Welcome and Safe at Fred's Place

Tuesday 5 October 2021

“Very often, when people come to us, they’ve tried everything else,” says Femke Romeijn, Team Leader of Homelessness and Housing at Fred’s Place in Tweed Heads.

“We tend to deal with people that are being excluded and not fit within the eligibility criteria and they just have nowhere to go and then they come here.

“And then we advocate really hard and really strong and quite regularly we get amazing outcomes,” she says.

Fred’s Place is a drop-in service for people experiencing homelessness and other kinds of disadvantage that sees 80-125 people arrive looking for help and serves up to 200 meals every day.

The area it serves has one of the fastest growing populations of people experiencing homelessness in NSW.

Between the 2011 and 2016 census, it grew by more than 75 per cent.

Of the 444 people in the local government area experiencing homelessness in 2016, nearly half were sleeping rough.

This is an extraordinary rate of primary homelessness given the state average is 7 per cent.

“We provide primary needs support. So, food, shower, laundry, and all the facilities for primary needs as well as providing a safe place to be for those who are vulnerable and in need.

“We provide case work support for anyone that is homeless or at risk of homelessness,” Femke says.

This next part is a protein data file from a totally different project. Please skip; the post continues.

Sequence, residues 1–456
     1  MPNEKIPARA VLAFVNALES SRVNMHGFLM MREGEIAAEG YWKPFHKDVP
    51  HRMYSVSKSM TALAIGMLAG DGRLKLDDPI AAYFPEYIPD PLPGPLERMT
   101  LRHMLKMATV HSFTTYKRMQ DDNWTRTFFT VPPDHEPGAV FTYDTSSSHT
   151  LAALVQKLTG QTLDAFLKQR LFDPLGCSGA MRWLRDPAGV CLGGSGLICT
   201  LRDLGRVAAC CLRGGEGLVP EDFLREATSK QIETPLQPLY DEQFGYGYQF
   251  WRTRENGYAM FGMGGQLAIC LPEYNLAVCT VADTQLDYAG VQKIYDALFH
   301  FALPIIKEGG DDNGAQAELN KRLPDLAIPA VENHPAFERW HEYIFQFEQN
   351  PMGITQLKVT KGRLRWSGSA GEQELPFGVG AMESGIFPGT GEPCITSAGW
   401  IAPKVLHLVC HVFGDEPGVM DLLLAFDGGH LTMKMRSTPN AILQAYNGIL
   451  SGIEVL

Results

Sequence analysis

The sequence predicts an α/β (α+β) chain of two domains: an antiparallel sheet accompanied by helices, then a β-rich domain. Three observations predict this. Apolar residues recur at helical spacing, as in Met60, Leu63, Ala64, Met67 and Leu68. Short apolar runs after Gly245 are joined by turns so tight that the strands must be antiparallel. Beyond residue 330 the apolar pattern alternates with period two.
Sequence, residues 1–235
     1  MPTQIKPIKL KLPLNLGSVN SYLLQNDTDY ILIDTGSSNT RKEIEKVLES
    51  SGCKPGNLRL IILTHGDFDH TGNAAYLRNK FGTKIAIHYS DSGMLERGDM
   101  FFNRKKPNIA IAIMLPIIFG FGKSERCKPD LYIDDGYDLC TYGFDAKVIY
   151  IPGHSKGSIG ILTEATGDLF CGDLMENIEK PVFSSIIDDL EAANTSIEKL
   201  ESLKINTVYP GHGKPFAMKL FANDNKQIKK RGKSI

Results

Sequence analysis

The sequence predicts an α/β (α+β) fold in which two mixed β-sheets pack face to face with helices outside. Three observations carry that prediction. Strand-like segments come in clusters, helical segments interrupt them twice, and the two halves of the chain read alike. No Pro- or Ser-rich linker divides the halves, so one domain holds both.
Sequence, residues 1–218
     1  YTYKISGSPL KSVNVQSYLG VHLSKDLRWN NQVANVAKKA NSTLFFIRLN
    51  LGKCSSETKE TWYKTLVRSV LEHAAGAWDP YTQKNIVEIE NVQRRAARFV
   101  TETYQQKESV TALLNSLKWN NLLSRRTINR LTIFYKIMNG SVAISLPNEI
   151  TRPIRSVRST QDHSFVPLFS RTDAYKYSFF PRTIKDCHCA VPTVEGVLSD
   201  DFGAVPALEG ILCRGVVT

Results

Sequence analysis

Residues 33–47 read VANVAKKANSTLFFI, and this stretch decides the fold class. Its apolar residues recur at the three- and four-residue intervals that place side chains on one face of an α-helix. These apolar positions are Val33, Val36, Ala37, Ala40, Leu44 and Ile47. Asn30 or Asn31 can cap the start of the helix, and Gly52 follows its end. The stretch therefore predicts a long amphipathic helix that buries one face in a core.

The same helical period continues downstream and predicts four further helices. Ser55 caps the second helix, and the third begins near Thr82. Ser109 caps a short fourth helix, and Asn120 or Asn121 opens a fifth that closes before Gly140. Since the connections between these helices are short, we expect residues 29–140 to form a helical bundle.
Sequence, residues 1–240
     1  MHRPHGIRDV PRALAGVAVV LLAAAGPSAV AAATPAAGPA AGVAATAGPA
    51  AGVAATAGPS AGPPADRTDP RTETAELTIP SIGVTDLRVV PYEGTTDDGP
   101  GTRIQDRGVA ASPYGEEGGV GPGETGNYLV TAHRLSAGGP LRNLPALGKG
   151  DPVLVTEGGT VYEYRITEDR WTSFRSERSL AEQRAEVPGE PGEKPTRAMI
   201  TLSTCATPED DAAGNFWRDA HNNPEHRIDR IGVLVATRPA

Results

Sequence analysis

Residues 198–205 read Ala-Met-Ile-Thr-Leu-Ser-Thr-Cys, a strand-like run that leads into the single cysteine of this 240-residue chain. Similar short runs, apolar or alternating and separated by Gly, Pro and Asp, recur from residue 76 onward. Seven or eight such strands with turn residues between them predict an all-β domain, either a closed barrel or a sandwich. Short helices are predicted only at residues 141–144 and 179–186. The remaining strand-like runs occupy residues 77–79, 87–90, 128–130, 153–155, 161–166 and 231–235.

“At the moment, due to the current rental market, we are seeing a significant increase in families who have been pushed out of their rentals and who are staying in hotels and motels.

“The hotels and motels’ cost here has nearly doubled in the eight years that I’ve been here.

“So, a hotel room here for a family will cost about $850 a week.

“There’s just no rentals available and there are no affordable rentals available,” Femke says.

Fred’s Place itself is a renovated home with a fully staffed kitchen, storage and mailing facilities, and internet access.

Femke says she’s very excited because additional room has been made available as office space for the range of visiting services to Fred’s Place.

“We’ve got legal aid tenancy and advice; the needle and syringe program; we’ve got Centrelink; we’ve got the homeless health outreach team which consists of a psychiatrist, mental health nurse, mental health social worker and they come here three days a week.

“We have financial counsellors, the RSPCA comes here to support pets that people may have, the NDIS comes once a fortnight.

“A lot of the people we support see their pets as their family and we always say that we support anyone and their loved ones if in need.

“So, we also are able to provide petfood to the animals.

“We’ve got some connections with local vets who are willing to provide service free of charge or at very low cost for the local community as well.

“It is tricky because quite often having pets is a big barrier for people to gaining housing,” Femke says.

Femke says that of everything Fred’s Place does, there is one thing that stands out.

“When I speak with the people that we assist, they all say that they feel really welcome and safe and supported, and they can be who they are.

“Within the community, where wherever they go, there’s judgment and there’s no safe space to be – to be able to provide a place to just be yourself I think is the most amazing thing that we do here.”

Find out more about Fred’s Place